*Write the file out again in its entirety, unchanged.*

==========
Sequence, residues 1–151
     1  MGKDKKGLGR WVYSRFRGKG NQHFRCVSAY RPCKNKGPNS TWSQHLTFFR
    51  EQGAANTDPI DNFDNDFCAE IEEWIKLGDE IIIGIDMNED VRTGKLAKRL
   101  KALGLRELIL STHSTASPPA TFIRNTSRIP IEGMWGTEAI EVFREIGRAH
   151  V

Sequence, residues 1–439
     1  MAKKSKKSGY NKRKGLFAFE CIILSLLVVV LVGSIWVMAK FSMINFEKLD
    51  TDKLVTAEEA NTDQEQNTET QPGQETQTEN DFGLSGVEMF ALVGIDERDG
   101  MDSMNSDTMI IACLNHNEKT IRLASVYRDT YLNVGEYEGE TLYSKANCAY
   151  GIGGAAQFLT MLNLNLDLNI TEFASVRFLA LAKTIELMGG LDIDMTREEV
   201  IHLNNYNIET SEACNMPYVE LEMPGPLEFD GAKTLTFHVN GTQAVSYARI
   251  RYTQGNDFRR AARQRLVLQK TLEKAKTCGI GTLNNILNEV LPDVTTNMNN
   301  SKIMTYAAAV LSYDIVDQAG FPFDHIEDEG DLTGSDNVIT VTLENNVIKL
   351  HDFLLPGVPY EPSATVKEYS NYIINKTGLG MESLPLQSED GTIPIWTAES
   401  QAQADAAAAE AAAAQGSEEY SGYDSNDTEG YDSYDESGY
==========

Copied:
Sequence, residues 1–151
     1  MGKDKKGLGR WVYSRFRGKG NQHFRCVSAY RPCKNKGPNS TWSQHLTFFR
    51  EQGAANTDPI DNFDNDFCAE IEEWIKLGDE IIIGIDMNED VRTGKLAKRL
   101  KALGLRELIL STHSTASPPA TFIRNTSRIP IEGMWGTEAI EVFREIGRAH
   151  V

Sequence, residues 1–439
     1  MAKKSKKSGY NKRKGLFAFE CIILSLLVVV LVGSIWVMAK FSMINFEKLD
    51  TDKLVTAEEA NTDQEQNTET QPGQETQTEN DFGLSGVEMF ALVGIDERDG
   101  MDSMNSDTMI IACLNHNEKT IRLASVYRDT YLNVGEYEGE TLYSKANCAY
   151  GIGGAAQFLT MLNLNLDLNI TEFASVRFLA LAKTIELMGG LDIDMTREEV
   201  IHLNNYNIET SEACNMPYVE LEMPGPLEFD GAKTLTFHVN GTQAVSYARI
   251  RYTQGNDFRR AARQRLVLQK TLEKAKTCGI GTLNNILNEV LPDVTTNMNN
   301  SKIMTYAAAV LSYDIVDQAG FPFDHIEDEG DLTGSDNVIT VTLENNVIKL
   351  HDFLLPGVPY EPSATVKEYS NYIINKTGLG MESLPLQSED GTIPIWTAES
   401  QAQADAAAAE AAAAQGSEEY SGYDSNDTEG YDSYDESGY